With recent discussions involving possible group buys and/or very large individual orders, I have found myself wondering more than once if any quantity discounts may be possible? If so, would they apply to the order as a whole or only to individual chips meeting a certain quantity?
Due to the handmade nature of our clay chips, and the fact they can only be pressed 15-25 at a time, there is no economy of scale unless we were making 10,000 and up of the same chip. All the prices in the table have been calculated based on the exact time we expect them to take to manufacture with the lowest margin possible just to recoup our investment over quite a few years.
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I've seen that you have updated the website prices for the new highest edgespot levels. I'm curious to see what would be a level 10 or level 11? I mean, if the 8A14 is a level 6, how do you do for the level 11? V12 with diamonds?
(i'm planning a custom set for a near future with every kind of fancy edgespot, if it's possible, so my mind is getting really wet with all those new options)
All the higher level edge spots are those where double or even triple punching is required, which in itself obviously creates a higher level of reject than a regular pattern.
I don't want to show these patterns until we have tried and tested them with samples (which we don't have time for right now) as some have not been done for many years or not at all.
However, the highest levels are not necessarily the fanciest. It is just a factor of the labor involved and potential wastage. Here are mock ups of 6 variations of 1/8 spot which would appear to be relatively simple. The red number is the spot level. Now in these examples the amount of extra work probably is not apparent without an explanation.
The punches can only create 3, or 3 pairs of 1/8 in one pass. 1/8 are notoriously difficult to work with at the best of times and cause a lot of rejects (hence the levels for regular 1/8). It is also difficult and much more time consuming to handle the tiny pieces when assembling them.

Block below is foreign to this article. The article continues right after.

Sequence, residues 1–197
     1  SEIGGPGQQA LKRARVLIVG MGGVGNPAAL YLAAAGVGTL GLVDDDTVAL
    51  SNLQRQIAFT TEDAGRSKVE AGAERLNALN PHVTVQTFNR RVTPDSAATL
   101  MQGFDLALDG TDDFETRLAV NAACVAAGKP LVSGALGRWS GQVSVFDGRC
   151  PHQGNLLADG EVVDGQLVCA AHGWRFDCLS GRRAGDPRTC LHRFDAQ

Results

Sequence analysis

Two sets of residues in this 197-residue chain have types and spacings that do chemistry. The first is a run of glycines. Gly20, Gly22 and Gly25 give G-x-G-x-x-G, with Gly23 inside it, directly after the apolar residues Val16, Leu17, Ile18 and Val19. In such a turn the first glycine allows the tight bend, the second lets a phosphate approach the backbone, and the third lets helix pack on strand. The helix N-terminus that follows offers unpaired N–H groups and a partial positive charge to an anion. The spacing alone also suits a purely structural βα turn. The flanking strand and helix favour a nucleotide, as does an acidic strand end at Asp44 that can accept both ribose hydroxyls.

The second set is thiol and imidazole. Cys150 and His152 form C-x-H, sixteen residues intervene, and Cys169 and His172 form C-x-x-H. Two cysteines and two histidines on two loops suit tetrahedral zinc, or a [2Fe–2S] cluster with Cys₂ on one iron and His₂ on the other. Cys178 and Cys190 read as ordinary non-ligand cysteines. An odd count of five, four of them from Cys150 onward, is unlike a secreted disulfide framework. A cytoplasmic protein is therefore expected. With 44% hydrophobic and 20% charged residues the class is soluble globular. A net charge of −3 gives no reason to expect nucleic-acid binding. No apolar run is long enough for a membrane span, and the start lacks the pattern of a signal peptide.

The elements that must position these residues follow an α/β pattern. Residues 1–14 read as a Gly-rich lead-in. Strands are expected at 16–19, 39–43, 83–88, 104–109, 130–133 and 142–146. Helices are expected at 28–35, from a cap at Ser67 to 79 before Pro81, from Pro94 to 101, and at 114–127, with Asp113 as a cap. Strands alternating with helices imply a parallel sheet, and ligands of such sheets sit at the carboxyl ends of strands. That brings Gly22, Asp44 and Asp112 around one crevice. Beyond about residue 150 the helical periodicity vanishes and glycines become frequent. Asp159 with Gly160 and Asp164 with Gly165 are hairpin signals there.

You should be able to understand therefore how hard it is to double punch just the 618 when you have to try and hand align the chip the second time round to get the spacing correct and then slowly punch one at a time.
Then, to jump to the 6QADS18 you add a whole load of other process differences. The gap between the two spots in a pair is small. If you punched and punched again with these, either the first holes close up or the small prongs break up or deform. Therefore you have to make a 3ADS and repress it to bind the first 6 spots into place before doing the repunching. Not only do you have to be very careful to insert the correct color spots in order both times round but there is an added factor which many probably don't appreciate about working with multiple color spots. For some chemical reason, the different dyes alter the melting temperature of the clay, even though they are only a tiny part of a formula which basically remains the same. The spots have to be warmed up very slightly so they can be pushed into the holes (all done 100% by hand). Just for the purpose of explanation, say that white clay softens slightly at 50 degrees and melts at 80 degrees, but black does not soften until 80 degrees, that means you have to do the two colors separately. That adds a good percentage to the labor. On larger size spots the temperature required is much closer to each other so you can get away with doing it at the same time.
While Ive only explained parts of the process hopefully people can see why there is a such a difference in spot levels.